A Mexico Company Formation Guide

Forming a Company in Mexico

Mexico’s economy is booming, driven by a young and tech-savvy population, its strategic location next to the US, favorable trade deals with North America and the EU, and a government eager to attract foreign investment.

This surge has attracted a wave of companies from various industries, all eager to tap into Mexico’s dynamic market.

Who’s Setting Up Operations in Mexico?

Manufacturing Companies: Mexico’s well-established manufacturing sector, competitive production costs, and participation in trade agreements like USMCA (a/k/the new NAFTA or NAFTA II) continue to be a magnet for automotive, aerospace, clothing, and electronics companies. Mexico’s proximity to the US supply chain offers a significant advantage. Not surprisingly, our law firm is getting a ton of American and Canadian companies seeking assistance with going into Mexico to manufacture products for shipment and sale to the United States, but we are also getting many Chinese, Indian and European companies seeking the same thing.

Tech Companies: Guadalajara, dubbed Mexico’s “Silicon Valley,” is witnessing a boom in tech startups and established technology giants like IBM and HP setting up shop. This is driven by the availability of skilled software and hardware engineers, and a growing domestic market for tech products and services. In addition to Guadalajara, we are seeing interest in Mexico City, Monterrey, Queretaro, and Puebla.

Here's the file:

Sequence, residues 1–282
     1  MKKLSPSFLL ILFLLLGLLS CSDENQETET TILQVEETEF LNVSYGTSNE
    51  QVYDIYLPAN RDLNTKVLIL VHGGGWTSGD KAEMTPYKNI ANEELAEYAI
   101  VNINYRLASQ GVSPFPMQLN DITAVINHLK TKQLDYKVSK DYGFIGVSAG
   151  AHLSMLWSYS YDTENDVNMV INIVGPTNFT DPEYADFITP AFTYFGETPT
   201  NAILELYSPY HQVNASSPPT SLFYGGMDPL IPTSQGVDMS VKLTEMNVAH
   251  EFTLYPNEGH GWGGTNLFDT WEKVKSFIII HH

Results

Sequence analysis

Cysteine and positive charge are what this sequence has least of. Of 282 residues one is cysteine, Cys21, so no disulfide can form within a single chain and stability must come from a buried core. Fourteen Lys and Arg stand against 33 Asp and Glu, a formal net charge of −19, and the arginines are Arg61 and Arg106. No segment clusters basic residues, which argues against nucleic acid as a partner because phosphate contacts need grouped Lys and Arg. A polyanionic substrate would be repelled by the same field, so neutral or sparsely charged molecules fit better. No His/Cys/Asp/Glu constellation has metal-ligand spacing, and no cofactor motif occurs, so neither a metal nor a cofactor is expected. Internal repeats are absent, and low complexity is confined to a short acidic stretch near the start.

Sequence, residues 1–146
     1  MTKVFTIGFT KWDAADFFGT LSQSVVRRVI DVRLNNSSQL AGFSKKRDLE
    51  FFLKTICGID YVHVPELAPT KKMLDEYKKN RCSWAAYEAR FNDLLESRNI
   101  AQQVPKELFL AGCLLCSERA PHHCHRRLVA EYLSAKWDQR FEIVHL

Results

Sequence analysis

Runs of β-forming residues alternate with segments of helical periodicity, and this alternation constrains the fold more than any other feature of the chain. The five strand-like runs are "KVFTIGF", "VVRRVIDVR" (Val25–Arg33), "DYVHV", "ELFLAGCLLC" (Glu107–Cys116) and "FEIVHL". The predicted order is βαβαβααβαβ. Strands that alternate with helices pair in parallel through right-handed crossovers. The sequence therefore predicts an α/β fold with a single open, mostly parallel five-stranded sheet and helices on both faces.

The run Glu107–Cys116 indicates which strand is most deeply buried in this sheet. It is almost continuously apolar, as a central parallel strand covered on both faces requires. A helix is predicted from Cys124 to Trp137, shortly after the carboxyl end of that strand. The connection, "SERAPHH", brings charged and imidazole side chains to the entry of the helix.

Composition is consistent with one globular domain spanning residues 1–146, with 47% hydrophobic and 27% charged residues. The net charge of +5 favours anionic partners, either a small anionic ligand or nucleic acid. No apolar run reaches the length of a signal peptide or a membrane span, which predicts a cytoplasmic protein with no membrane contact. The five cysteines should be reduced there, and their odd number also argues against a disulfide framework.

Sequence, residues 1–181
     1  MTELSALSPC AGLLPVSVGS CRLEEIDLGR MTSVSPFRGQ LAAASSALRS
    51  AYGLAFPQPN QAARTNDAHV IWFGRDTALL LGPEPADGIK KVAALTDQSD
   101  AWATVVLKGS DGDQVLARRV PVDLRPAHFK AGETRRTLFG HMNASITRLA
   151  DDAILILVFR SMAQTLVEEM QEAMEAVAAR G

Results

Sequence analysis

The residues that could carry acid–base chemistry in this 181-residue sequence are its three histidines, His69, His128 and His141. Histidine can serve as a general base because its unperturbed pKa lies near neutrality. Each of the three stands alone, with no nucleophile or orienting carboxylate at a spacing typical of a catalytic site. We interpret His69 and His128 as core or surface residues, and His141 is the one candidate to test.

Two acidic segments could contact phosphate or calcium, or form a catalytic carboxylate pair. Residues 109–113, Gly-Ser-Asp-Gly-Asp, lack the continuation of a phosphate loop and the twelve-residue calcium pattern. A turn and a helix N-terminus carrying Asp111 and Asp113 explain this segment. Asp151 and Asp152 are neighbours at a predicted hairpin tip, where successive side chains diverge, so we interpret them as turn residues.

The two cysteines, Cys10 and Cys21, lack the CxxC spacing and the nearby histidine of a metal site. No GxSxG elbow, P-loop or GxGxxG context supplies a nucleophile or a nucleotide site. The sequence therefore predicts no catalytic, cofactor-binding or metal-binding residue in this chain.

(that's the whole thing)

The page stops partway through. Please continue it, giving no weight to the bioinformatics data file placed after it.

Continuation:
Consumer Goods Companies: Rising disposable incomes and a growing middle class are fueling a growing demand in Mexico for high-end consumer goods. Companies offering everything from designer clothing and furniture to specialty food items are finding a receptive audience in Mexico.

Financial Technology (Fintech) Companies: Mexico’s large unbanked population and increasing smartphone penetration present a vast opportunity for fintech companies.

Renewable Energy Revolutionaries: Mexico is actively seeking to diversify its energy portfolio, creating opportunities for companies specializing in solar, wind, and geothermal power. Government incentives and an increasing focus on sustainability are driving this trend.

Mexico As a Compelling Proposition

The factors attracting these diverse businesses to Mexico include the following:

  • Cost-Competitive Advantage: Mexico offers lower labor costs, as compared to the United States, Canada, Japan, and the EU, making it an attractive option for manufacturing and production facilities.
  • Strategic Location: Mexico’s border with the US facilitates trade and logistics, while also providing access to a wider North American market. Mexico also shares time zones with the United States, and we’ve had Indian, Chinese and European tech companies seek to set up coding operations in Mexico in large part so that they will be on the same time zone as the United States. I’ve also had countless people tell me how nice it is to fly a few hours to Mexico, as opposed to having to fly 12 hours to China.